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Do borrower rights improve borrower outcomes? Evidence from the foreclosure process

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  • Gerardi, Kristopher
  • Lambie-Hanson, Lauren
  • Willen, Paul S.

Abstract

We evaluate the effects of laws designed to protect borrowers from foreclosure. We find that these laws delay but do not prevent foreclosures. We first compare states that require lenders to seek judicial permission to foreclose with states that do not. Borrowers in judicial states are no more likely to cure and no more likely to renegotiate their loans, but the delays lead to a build-up in these states of persistently delinquent borrowers, the vast majority of whom eventually lose their homes. We next analyze a “right-to-cure” law instituted in Massachusetts on May 1, 2008. Using a difference-in-differences approach to evaluate the effect of the policy, we compare Massachusetts with neighboring states that did not adopt similar laws. We find that the right-to-cure law lengthens the foreclosure timeline but does not lead to better outcomes for borrowers.

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Bibliographic Info

Article provided by Elsevier in its journal Journal of Urban Economics.

Volume (Year): 73 (2013)
Issue (Month): 1 ()
Pages: 1-17

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Handle: RePEc:eee:juecon:v:73:y:2013:i:1:p:1-17

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Web page: http://www.elsevier.com/locate/inca/622905

Related research

Keywords: Foreclosure; Mortgage; Judicial; Power of sale; Right to cure;

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References

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  1. J. Michael Collins & Ken Lam & Christopher E. Herbert, 2011. "State mortgage foreclosure policies and lender interventions: Impacts on borrower behavior in default," Journal of Policy Analysis and Management, John Wiley & Sons, Ltd., vol. 30(2), pages 216-232, Spring.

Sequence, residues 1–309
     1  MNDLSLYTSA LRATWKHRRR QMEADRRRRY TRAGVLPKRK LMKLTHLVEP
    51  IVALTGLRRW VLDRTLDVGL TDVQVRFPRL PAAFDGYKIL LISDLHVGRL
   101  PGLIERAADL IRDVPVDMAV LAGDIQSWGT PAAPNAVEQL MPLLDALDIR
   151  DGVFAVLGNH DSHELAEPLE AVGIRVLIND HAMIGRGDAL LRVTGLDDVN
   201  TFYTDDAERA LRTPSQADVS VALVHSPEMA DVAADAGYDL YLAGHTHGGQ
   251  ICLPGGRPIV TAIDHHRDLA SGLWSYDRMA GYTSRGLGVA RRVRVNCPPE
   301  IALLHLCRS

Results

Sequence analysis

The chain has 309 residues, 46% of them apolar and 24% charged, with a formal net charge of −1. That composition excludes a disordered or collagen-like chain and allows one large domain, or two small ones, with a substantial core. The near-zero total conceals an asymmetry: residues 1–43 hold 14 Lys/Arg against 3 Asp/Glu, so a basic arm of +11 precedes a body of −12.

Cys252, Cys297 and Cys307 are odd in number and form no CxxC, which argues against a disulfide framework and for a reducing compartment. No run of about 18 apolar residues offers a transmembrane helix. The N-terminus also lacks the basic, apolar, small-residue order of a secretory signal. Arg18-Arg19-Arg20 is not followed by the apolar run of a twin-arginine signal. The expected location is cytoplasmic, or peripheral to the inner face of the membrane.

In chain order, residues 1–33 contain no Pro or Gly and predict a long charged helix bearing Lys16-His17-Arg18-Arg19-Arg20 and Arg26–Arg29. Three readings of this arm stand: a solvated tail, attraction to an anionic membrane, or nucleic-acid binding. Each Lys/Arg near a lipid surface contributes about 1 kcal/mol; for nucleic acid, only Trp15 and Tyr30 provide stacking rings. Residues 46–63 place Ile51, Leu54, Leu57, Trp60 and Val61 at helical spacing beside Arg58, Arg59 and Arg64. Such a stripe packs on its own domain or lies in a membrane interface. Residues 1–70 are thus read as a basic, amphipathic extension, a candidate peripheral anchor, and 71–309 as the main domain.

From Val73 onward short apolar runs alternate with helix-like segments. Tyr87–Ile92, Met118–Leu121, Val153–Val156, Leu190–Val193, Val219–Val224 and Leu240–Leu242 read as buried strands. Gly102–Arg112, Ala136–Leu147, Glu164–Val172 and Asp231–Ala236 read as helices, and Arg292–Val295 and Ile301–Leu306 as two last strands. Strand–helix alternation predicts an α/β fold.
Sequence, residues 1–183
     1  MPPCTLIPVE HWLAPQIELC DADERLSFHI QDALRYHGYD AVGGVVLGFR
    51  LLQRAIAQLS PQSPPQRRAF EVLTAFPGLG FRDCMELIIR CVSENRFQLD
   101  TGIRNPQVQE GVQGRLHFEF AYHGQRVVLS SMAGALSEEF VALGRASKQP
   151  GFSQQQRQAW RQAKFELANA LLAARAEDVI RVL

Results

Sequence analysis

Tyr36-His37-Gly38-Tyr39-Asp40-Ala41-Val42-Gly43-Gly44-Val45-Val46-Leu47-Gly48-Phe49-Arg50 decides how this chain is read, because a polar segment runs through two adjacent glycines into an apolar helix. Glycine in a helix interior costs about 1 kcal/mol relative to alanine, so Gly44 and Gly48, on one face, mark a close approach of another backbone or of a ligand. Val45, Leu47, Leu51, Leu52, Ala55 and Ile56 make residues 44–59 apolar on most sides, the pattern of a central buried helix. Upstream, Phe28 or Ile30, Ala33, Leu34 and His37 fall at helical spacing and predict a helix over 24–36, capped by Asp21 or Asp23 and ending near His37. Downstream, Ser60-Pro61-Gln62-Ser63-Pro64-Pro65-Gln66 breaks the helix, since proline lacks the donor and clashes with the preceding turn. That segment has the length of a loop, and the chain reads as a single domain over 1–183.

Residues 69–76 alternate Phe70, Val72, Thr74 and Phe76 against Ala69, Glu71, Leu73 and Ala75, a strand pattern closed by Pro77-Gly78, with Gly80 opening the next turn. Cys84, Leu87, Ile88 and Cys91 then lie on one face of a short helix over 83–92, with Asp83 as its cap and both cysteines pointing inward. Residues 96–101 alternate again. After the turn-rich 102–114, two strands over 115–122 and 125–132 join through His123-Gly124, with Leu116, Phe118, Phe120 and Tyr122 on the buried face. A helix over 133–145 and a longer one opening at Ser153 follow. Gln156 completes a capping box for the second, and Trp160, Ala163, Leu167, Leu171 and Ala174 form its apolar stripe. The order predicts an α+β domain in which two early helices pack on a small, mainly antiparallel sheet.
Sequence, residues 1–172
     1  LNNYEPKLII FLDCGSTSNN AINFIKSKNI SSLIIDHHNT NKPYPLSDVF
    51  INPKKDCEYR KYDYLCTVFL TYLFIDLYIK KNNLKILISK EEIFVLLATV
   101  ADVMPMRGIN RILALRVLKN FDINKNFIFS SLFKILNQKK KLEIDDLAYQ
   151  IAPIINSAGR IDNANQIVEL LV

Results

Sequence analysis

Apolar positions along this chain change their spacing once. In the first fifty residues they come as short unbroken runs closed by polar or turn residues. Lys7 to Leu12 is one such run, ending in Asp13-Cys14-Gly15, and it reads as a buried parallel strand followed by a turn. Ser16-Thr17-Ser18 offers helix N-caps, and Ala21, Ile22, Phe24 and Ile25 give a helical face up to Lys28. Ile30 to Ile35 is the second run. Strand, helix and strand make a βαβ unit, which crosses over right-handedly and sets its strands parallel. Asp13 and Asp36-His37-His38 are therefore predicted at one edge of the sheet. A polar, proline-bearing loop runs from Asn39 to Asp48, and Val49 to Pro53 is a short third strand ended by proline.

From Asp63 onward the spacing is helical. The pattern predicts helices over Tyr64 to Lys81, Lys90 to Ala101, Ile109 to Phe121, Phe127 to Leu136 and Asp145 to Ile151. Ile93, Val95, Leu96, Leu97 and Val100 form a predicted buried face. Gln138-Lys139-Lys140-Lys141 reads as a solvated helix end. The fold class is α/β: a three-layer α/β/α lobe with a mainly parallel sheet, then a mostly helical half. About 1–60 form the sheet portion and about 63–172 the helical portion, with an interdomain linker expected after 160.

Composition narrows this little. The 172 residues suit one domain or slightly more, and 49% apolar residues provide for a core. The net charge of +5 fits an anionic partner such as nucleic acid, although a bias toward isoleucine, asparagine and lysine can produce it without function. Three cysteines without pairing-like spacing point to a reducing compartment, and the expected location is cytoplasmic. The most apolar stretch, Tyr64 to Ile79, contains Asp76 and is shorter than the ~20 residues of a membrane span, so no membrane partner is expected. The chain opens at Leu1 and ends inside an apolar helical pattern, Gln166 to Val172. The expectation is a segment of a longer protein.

2. Atif Mian & Amir Sufi & Francesco Trebbi, 2011. "Foreclosures, House Prices, and the Real Economy," IMES Discussion Paper Series 11-E-27, Institute for Monetary and Economic Studies, Bank of Japan.
  3. Anthony Pennington-Cross, 2010. "The Duration of Foreclosures in the Subprime Mortgage Market: A Competing Risks Model with Mixing," The Journal of Real Estate Finance and Economics, Springer, vol. 40(2), pages 109-129, February.
  4. Andra C. Ghent & Marianna Kudlyak, 2011. "Recourse and Residential Mortgage Default: Evidence from US States 1," Review of Financial Studies, Society for Financial Studies, vol. 24(9), pages 3139-3186.
  5. Christopher Foote & Kristopher Gerardi & Lorenz Goette & Paul Willen, 2009. "Reducing Foreclosures: No Easy Answers," NBER Working Papers 15063, National Bureau of Economic Research, Inc.
  6. Manuel Adelino & Kristopher Gerardi & Paul S. Willen, 2009. "Why don't lenders renegotiate more home mortgages? redefaults, self-cures, and securitization," Working Paper 2009-17, Federal Reserve Bank of Atlanta.
  7. Richard A. Phillips & Eric M. Rosenblatt, 1997. "The Legal Environment and the Choice of Default Resolution Alternatives: An Empirical Analysis," Journal of Real Estate Research, American Real Estate Society, vol. 13(2), pages 145-154.
  8. Zachary K. Kimball & Paul S. Willen, 2012. "US mortgage and foreclosure law," The New Palgrave Dictionary of Economics, Palgrave Macmillan.
  9. Karen M. Pence, 2006. "Foreclosing on Opportunity: State Laws and Mortgage Credit," The Review of Economics and Statistics, MIT Press, vol. 88(1), pages 177-182, February.
  10. Richard A. Phillips & James H. VanderHoff, 2004. "The Conditional Probability of Foreclosure: An Empirical Analysis of Conventional Mortgage Loan Defaults," Real Estate Economics, American Real Estate and Urban Economics Association, vol. 32(4), pages 571-587, December.
  11. Acemoglu, Daron & Rogoff, Kenneth & Woodford, Michael (ed.), 2010. "NBER Macroeconomics Annual 2009," National Bureau of Economic Research Books, University of Chicago Press, number 9780226002095.
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Cited by:
  1. Larry Cordell & Liang Geng & Laurie Goodman & Lidan Yang, 2013. "The cost of delay," Working Papers 13-15, Federal Reserve Bank of Philadelphia.
  2. John Y. Campbell, 2012. "Mortgage Market Design," NBER Working Papers 18339, National Bureau of Economic Research, Inc.

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